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June 15, 2007

Comments

John

I don't buy Christine Rosen's argument. When I first read it, what really struck me was this passage from her introduction:

"What will art, literature, and music look like in the age of the image? And will we, in the age of the image, become too easily accustomed to verisimilar rather than true things, preferring appearance to reality and in the process rejecting the demands of discipline and patience that true things often require of us if we are to understand their meaning and describe it with precision?"

Her whole essay is based on the assumption that language is itself a true thing rather than a representation, that precise enough language can transcend interpretation and misunderstanding.

Likewise, her argument is based on the assumption that verbal language use will go into decline if we turn towards images, as if we'll all stop talking. Even if we assume that film becomes the only form of writing (something I doubt), film uses language as well as images to get its meaning across, and the writing of film involves language use (scripts, discussion, etc.).

While I agree we need to think about what it means to involve images in our composition classrooms, I think Barbara Ganley takes a much better approach to the subject. We, as humans, think with both words and images, and we always have. Our visual turn isn't a turn to a visual age but a return to the use of images as well as words.

Thanks for the link to Ganley. :)

Holly

Thanks for the comments, John! First of all, let me say I think Barbara Ganley's approach sounds wonderfully stimulating, creatively inspiring, a class I would love to take myself. I'm especially fascinated by her methods of getting students to think about what words can and can't do.

But I guess I am ruminating on some questions about this turn towards the visual. What does it reveal about our aims in composition classes? Why does visual analysis belong in a composition class rather than an art class or a media course of some kind? (We could do historical analysis, sociological analysis, scientific analysis in a comp. class as well, but should we?) How useful is image analysis for our students in the context of the mostly text-based work they will do in other classes?

That connects, I guess, to my most serious reservation: my sense of how desperately most of my students need to learn how to read text of the old-fashioned verbal variety. (Maybe the fact I teach at a community college is a factor here??) I see a place for images in the comp. class, but I'm not sure how large a role they should take when I have so many other (more pressing maybe?) concerns to cover in a fifteen-week semester.

John

Holly, in terms of a composition class, I don't know how much good image analysis in and of itself. In fact, I'd argue that's not what we should be doing. Jeff Rice's critique of favoring image analysis over image production is dead on: In much of today’s pedagogy, the preference is for writing about images, not with images. The preference is still for the word. Thus, we hear Rader using the word interpretation in his review essay of visually oriented textbooks and not the word production. Thus, we hear Handa—despite sporadic references to production in her introduction to the sourcebook—stress the idea of “critical thinking” repeatedly, a concept whose origins are in reading, not in producing texts. True writing can only come from reading images, these positions state, not from making images. (The Rhetoric of Cool 135)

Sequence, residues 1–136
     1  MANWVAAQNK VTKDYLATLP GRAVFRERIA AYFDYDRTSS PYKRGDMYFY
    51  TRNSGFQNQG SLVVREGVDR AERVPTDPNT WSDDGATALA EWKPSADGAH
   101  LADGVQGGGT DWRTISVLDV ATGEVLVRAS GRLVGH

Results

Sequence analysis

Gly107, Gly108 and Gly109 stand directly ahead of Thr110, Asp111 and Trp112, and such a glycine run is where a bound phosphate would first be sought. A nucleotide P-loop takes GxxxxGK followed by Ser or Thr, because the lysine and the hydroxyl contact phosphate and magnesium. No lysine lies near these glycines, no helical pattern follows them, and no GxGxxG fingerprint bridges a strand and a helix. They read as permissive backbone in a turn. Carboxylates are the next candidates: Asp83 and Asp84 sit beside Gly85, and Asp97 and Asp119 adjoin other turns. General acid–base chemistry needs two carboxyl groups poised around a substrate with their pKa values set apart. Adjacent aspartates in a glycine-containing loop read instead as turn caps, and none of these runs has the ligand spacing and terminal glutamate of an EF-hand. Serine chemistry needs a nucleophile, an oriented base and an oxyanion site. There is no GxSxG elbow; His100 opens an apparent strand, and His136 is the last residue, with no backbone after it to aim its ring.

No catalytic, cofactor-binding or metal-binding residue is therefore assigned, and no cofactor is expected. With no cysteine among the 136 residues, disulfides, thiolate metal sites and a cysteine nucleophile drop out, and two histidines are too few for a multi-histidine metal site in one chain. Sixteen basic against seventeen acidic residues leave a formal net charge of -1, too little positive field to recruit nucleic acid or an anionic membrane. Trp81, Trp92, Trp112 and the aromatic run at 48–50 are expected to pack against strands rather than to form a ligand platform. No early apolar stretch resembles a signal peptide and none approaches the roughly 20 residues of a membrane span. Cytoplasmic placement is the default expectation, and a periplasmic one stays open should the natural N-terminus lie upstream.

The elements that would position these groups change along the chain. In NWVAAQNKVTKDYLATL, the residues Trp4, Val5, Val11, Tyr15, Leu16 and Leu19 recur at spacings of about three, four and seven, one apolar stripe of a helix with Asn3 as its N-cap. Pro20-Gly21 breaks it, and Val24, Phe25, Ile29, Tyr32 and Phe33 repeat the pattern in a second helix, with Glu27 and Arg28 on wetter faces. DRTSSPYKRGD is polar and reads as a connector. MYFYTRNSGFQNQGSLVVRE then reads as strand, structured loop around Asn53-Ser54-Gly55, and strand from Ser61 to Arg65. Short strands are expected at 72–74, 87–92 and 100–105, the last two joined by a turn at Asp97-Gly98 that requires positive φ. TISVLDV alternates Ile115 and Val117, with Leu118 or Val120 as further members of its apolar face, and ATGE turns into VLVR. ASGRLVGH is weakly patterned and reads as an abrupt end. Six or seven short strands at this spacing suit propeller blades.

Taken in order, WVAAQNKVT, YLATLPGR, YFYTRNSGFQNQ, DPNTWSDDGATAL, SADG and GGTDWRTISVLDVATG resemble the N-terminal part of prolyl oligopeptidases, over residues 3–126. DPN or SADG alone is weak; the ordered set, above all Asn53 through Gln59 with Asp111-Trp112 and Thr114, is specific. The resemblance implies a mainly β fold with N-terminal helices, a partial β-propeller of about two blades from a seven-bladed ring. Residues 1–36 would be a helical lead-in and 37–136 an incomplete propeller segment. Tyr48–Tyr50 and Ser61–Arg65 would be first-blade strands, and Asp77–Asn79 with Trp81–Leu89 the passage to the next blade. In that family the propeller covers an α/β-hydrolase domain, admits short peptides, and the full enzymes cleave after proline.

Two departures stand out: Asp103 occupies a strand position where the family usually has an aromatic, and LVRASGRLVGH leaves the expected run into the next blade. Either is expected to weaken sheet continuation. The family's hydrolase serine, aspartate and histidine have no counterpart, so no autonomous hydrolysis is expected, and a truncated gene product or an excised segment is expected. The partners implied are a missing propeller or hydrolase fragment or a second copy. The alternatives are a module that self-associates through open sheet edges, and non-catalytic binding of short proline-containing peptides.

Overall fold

I'd suggest, as Jeff does, that the notion of composition sans image is deeply rooted in and tied to print culture. Cognitively, we think and make meaning through both words and images (Ganley offers one such example of how this can be harnessed in a composition classroom), and this move to banish the image from serious texts is fairly new.

We also need to remember, as Kristie Fleckenstein has pointed out, we, as compositionists, need to engage mental and verbal imagery as well as graphic imagery. It is, again, the making of images, the production of meaning through both words and images (mental, verbal, and graphic) that we should be focusing on rather than the analysis of images. (Or, rather, that should be the end goal. There's nothing wrong with the analysis of texts, verbal, visual, or verbal and visual in a composition classroom as long as its done in the service of producing texts.

I'd offer to send you a draft of my dissertation chapter on memory and imagery, which is really about memoria as a compositional art, but I'm in the middle of revising it and it's become a sprawling, out of control mess at the moment. I could send you two recent conference papers which deal with aspects of this topic.

Holly